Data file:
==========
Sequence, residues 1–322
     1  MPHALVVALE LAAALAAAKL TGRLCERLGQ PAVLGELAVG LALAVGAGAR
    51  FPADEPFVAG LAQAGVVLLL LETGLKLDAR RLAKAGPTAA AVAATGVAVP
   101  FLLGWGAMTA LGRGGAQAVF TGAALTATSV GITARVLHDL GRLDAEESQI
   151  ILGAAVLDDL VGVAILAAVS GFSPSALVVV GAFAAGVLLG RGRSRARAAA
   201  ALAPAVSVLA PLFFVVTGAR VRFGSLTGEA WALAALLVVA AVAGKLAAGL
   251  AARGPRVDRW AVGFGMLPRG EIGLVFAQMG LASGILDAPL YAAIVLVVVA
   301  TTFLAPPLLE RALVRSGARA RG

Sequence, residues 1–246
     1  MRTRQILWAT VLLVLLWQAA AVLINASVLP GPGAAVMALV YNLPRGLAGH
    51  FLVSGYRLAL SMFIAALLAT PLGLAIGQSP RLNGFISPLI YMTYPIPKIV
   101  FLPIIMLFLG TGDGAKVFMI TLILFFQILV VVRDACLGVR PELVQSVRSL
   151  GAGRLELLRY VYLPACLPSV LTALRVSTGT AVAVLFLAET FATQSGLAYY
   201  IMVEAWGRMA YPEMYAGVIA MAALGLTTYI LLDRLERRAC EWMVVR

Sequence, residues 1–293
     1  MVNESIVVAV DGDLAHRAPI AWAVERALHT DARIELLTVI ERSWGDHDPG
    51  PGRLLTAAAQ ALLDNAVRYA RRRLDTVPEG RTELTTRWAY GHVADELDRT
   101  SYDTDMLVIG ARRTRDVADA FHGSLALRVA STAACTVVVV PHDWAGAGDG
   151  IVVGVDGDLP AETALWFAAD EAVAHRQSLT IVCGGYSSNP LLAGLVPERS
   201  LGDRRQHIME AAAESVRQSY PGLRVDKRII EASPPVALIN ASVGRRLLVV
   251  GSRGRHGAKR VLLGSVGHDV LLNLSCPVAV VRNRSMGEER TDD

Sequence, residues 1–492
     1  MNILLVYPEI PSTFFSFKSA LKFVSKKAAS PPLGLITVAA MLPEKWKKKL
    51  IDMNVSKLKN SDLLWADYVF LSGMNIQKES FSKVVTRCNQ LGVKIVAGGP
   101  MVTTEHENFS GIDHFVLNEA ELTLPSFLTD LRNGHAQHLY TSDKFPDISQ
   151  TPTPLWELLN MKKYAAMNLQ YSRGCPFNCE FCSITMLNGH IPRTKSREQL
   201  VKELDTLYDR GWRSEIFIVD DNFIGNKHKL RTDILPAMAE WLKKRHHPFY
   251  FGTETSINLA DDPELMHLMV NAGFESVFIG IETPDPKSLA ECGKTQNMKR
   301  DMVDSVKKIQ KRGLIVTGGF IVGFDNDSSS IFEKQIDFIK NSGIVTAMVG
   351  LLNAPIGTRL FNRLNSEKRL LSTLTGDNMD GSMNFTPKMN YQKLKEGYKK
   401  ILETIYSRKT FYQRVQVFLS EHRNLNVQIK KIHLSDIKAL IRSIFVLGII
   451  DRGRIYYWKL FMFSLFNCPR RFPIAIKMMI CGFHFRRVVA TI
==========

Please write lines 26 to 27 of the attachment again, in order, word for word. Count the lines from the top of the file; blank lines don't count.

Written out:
   151  TPTPLWELLN MKKYAAMNLQ YSRGCPFNCE FCSITMLNGH IPRTKSREQL
   201  VKELDTLYDR GWRSEIFIVD DNFIGNKHKL RTDILPAMAE WLKKRHHPFY